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  • "Continuity Crisis" and its Instrumentalizing Effects
  • Michal Kravel-Tovi (bio)

I salute Lila Corwin Berman, Kate Rosenblatt, and Ronit Y. Stahl for speaking truth to power. I appreciated their well-timed act of principle when I read their opinion piece in the Forward in summer 2018, and I recognize the scholarly merit of this rich historical account. While I do not necessarily agree with each and every thread of their account—and offer below a number of questions, extensions, and nuanced additions—I nevertheless subscribe to the article's underlying rationale. The authors are right in flagging up the gendered structures of power embedded in the proliferating continuity paradigm. They are right in proposing a broadened definition of misogyny, tracing its workings in the male-dominated cultures of expertise that dominate the organized Jewish community. And, finally, they are right in highlighting how sexual politics shape the prescriptive role of the Jewish continuity discourse in the overlapping spheres of expertise, funding, and policymaking. Their contribution is a much-needed feminist perspective. It goes beyond gendered norms and their implications for women participating in public communal conversations. Just as importantly, this contribution interrogates the generally opaque apparatus of knowledge and intervention that feeds greater social hierarchies and regimes of values: a framework that enables a distinction between "core" and "peripheral" populations, as well as "usable" and "unusable" individuals and families.

Unlike the authors, I hesitate to conclude that Steven M. Cohen's (or Michael Steinhardt's) sexual misconduct is directly or necessarily related to the inherently sexist orientation of the continuity paradigm. It is safer, I think, to link his misconduct and disrespect towards women to his sweeping authority as an expert-cum-advocate across multiple and intersecting circles within the organized Jewish community. As the #MeToo revolution has shown us once and again, structures of power and privilege, across a wide array of fields and contexts, provide a breeding ground for the sexual abuse of power by men of stature against subordinated women. The salient position of the Jewish continuity paradigm (and of Steven M. Cohen himself)—of which the authors are well aware—is a key factor, I would argue, in Cohen's transgressions.1 At any rate, even if the [End Page 215] link between Cohen's sexual misconduct and the sexist content of the continuity paradigm is less tangible or certain than that drawn by the authors (an option that, at least for me, remains open), the exposure of Cohen's (and others') sexual misdeeds is a productive springboard for this critical and feminist analysis of Jewish continuity. In what follows, I offer a few remarks to further illuminate my take on the topics at hand.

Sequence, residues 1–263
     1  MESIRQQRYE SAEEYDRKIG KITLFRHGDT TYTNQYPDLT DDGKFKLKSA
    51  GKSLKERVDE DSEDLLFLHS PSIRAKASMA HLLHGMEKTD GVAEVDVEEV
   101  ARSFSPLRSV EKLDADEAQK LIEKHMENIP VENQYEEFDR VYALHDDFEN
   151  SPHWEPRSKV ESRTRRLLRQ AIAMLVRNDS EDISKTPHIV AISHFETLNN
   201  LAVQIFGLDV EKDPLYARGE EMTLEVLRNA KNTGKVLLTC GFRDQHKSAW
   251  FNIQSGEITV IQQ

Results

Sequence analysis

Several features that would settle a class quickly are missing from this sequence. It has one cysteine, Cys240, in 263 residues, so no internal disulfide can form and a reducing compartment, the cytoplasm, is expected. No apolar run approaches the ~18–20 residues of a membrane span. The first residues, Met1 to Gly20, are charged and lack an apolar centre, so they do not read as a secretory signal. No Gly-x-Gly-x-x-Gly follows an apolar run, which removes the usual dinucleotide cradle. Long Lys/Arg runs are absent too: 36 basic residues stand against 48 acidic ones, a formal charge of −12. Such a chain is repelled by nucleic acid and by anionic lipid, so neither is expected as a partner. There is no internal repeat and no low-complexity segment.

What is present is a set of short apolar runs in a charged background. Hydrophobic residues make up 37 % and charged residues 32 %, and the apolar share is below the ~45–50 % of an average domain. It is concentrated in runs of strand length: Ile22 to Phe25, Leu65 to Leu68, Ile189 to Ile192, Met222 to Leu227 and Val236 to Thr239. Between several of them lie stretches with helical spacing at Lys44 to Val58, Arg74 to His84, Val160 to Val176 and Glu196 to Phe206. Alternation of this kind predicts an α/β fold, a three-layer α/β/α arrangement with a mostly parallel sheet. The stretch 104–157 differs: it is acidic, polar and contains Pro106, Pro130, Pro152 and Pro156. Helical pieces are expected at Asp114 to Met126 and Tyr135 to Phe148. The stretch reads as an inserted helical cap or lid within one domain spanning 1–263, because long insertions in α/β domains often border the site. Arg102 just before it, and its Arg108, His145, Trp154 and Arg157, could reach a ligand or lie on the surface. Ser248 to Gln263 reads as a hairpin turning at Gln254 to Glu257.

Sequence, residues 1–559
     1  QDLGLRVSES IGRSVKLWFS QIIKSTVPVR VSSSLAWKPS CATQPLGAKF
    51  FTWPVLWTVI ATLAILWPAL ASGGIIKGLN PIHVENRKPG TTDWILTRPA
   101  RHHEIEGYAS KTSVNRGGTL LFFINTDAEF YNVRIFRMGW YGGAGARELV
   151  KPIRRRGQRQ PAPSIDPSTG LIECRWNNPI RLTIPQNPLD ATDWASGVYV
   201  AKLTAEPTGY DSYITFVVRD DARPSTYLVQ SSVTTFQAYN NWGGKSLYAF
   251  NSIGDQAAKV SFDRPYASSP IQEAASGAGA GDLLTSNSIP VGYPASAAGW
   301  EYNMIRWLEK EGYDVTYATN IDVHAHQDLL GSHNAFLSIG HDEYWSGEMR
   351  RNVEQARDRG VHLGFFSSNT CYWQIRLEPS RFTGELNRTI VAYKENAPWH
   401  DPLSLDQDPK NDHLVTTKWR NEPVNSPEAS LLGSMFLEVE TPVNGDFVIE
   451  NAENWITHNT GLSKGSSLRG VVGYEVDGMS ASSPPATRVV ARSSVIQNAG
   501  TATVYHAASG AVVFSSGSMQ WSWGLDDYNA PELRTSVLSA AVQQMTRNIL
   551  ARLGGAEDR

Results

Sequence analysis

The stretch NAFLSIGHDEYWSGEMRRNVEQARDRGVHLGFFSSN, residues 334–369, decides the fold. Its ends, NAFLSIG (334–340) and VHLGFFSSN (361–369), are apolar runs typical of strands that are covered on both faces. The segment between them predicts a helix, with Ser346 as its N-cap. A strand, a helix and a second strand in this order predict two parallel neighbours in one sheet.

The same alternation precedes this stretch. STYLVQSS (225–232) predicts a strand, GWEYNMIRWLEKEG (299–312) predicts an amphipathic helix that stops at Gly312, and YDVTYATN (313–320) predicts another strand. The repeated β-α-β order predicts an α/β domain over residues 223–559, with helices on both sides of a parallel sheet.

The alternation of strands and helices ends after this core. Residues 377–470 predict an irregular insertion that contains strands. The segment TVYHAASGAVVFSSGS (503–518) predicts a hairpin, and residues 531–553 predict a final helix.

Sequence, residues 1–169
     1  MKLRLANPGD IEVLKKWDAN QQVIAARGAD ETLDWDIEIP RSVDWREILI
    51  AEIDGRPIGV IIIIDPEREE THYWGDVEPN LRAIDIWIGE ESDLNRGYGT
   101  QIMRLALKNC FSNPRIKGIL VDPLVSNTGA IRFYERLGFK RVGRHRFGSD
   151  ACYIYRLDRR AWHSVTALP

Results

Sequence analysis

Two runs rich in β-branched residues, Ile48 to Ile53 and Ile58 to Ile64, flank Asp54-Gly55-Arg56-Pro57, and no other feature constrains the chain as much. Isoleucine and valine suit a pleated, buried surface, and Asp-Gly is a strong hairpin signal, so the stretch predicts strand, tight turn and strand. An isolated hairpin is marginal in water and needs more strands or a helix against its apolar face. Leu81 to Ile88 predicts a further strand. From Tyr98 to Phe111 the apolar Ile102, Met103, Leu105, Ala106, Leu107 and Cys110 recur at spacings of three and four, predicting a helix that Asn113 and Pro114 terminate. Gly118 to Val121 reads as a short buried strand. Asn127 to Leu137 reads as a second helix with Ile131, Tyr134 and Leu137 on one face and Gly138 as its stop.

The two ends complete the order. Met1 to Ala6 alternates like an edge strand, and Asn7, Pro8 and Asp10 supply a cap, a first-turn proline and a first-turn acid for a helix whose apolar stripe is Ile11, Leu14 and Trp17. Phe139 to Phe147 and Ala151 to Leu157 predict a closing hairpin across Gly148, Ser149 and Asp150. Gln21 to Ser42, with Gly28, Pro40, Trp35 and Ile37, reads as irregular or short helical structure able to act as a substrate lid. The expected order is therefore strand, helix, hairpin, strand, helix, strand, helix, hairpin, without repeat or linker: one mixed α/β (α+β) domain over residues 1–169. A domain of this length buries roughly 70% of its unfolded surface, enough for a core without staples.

"The continuity paradigm" does include the sexist ingredients that the authors point at: it foregrounds the family, implies a heteronormative script of adulthood, focuses on in marriage, and posits elevated fertility rates as the appropriate means of safeguarding community numbers. However, these ingredients are far from exclusive. In fact, the term "continuity" is a rather expansive and vague rubric, like the closely related tropes "the Jewish future" and "Jewish life." Right from the outset (the 1960s, the decade of "the first continuity crisis"),2 the term "continuity" has encapsulated and conflated biological reproduction with cultural reproduction, concerns over numbers with concerns over identity; Jewish bodies and Jewish souls.3 Over the course of my own study, I encountered various articulations and understandings of what continuity actually means: while some emphasized inmarriage, others posited intermarriage as the real key to Jewish continuity. Some associated continuity with population growth, while others called attention to communal institutional viability; some spoke about "Jewish engagements," deliberately distancing themselves from the crisis-filled lexicon of "Jewish continuity," while others used the term "Jewish continuity" [End Page 216] more neutrally, without adopting overtly numerical and alarmist overtones. Given how extensively continuity knowledge and discourses have traveled and debated within communal spheres, I think it is better to think of "continuity" as a floating signifier—or, at least, as a cluster of different schools of thought and policy, not all anchored by alarm and the regulation of bodies.4

Furthermore, following NJPS 1990, numerous "continuity and identity committees" in...


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